- Walton vs. Joseph. Joseph has already faced two very good point guards in Iowa's Mike Gesell and Cal's Tyrone Wallace. However, he has turned it over some, and if Walton can make like difficult for the freshman on the perimeter, that could mitigate SU's significant interior advantage, mitigate being the key word.
- Patience and playmaking. Michigan has shown it can pick apart just about any defense when it's firing on all cylinders. With that said, sans Nik Stauskas, Glenn Robinson III and Mitch McGary, the margin for error is slimmer. That means Michigan can't afford to take the first three it sees against that zone, unless it's Zak Irvin doing the seeing; more often than not, any three he takes is a "good" one, even if it's a miss (Dan Dakich has correctly noted that Irvin passing up a decent look at a three is in fact a "selfish" play). With that said, the Wolverines will have to rely on LeVert's ability to squeeze his way into the paint. In this game, pulling up for a jumper likely means a 6-foot-9 guy in his grill, so he'll have to be ready to either kick out to the corner or dump down to whoever is on the block. Doyle has proven to be effective in getting his shot up down low among the trees -- Michigan can only hope he can convert a few tough buckets tonight.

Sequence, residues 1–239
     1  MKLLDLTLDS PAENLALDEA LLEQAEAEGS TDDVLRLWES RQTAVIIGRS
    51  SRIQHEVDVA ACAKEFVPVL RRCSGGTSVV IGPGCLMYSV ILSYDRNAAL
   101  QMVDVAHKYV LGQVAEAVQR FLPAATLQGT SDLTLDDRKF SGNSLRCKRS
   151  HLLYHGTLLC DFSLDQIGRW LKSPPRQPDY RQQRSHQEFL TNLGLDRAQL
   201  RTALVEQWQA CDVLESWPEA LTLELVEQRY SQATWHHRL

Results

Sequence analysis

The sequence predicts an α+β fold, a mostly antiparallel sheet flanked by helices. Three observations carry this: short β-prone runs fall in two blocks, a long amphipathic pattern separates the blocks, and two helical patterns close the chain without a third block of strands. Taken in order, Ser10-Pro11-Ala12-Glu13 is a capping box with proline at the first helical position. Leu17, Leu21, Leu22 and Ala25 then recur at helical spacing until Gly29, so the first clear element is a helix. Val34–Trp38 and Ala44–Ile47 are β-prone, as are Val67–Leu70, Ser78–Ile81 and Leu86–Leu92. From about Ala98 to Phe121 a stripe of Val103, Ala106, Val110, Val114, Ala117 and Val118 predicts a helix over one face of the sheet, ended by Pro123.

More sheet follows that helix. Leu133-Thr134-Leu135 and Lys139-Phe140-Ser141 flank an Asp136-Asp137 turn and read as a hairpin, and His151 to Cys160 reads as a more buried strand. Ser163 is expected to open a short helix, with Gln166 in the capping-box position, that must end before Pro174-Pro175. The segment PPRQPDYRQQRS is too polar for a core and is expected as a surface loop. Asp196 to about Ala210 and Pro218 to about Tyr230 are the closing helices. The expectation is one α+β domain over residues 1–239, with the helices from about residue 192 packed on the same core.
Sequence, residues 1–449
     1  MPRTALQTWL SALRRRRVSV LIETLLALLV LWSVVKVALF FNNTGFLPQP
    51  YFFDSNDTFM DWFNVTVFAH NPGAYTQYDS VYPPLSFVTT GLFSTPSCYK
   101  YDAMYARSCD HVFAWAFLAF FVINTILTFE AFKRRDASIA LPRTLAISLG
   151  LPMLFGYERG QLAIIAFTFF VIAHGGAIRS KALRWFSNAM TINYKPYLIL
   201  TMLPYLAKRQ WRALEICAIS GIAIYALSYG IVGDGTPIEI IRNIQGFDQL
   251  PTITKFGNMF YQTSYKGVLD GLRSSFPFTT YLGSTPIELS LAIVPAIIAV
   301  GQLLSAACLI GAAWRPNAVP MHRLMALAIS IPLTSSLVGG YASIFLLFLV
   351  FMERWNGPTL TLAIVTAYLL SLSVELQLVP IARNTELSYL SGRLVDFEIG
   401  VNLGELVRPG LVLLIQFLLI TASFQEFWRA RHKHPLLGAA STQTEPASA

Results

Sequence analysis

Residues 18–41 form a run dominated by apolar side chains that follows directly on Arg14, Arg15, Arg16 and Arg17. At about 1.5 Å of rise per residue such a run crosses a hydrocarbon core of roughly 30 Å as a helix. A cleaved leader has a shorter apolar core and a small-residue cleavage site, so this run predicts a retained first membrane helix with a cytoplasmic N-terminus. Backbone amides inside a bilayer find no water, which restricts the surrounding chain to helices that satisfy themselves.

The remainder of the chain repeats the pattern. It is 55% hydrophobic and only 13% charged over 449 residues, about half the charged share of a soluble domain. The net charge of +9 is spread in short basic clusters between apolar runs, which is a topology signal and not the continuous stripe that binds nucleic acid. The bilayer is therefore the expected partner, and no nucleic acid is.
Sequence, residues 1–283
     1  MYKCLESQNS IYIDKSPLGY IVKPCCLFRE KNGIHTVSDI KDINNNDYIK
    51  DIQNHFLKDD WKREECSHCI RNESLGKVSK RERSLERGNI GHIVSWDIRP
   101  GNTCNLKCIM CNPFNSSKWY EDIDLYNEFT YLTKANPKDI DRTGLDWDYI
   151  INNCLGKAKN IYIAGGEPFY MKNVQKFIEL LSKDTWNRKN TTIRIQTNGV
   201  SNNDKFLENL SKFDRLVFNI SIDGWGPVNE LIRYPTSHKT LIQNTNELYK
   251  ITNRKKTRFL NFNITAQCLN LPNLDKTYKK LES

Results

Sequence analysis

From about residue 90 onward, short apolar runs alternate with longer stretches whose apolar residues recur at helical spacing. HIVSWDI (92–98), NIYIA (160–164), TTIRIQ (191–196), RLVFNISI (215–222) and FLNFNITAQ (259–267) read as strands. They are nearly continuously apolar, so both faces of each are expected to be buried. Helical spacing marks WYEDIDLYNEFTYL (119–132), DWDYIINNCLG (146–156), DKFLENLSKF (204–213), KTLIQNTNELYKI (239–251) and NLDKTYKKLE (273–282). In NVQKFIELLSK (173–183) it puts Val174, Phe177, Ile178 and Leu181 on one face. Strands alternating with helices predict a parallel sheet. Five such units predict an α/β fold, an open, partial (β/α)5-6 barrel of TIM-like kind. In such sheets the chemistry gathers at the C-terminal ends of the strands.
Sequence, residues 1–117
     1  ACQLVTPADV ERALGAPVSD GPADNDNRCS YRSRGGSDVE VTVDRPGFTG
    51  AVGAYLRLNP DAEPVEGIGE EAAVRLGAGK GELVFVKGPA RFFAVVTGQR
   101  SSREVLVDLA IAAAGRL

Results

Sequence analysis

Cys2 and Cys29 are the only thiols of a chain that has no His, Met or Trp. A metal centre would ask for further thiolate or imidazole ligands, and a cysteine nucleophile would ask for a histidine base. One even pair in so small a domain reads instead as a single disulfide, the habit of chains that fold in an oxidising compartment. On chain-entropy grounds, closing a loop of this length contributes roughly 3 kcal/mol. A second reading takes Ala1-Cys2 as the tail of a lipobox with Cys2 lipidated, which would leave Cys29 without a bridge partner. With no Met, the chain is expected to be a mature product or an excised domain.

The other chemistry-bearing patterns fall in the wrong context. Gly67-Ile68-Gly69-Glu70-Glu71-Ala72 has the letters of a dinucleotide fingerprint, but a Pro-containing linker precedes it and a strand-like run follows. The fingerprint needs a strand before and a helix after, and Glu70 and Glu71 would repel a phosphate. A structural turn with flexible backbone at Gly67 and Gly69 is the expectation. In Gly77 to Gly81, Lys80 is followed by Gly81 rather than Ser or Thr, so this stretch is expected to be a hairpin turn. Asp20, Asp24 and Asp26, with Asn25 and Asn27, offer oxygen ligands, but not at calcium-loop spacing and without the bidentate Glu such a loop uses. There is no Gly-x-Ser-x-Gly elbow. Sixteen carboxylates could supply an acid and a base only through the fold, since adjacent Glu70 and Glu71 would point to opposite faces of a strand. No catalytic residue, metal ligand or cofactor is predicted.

This is going to be a tough one.
On the bright side, this is another great test for a young team. Like the Villanova game, this probably won't be very high-scoring, which makes for a solid primer for Big Ten play.
SU has a serious advantage in the frontcourt, while the Wolverines, I think, lay claim to a similar advantage in the backcourt (this can probably be said about most of Michigan's games this season). Which one ultimately wins out?
This is a fairly lame and reductive point, but home court is vital in college basketball; calls that Syracuse might get in the Carrier Dome, well, they probably won't get them in Ann Arbor.
Also, as a team, the Orange have shot just 19.8 percent from three. Against a Michigan squad that can once again make threes rain from the sky -- and against this zone, they'll be shooting plenty of them -- the Wolverines might be able to ride a hot streak or two to a decent lead and hang on for dear life for a close win.
Honestly, I think this is a coin flip, and when that is the case, I have to go with the team playing at home. Michigan 66, Syracuse 62.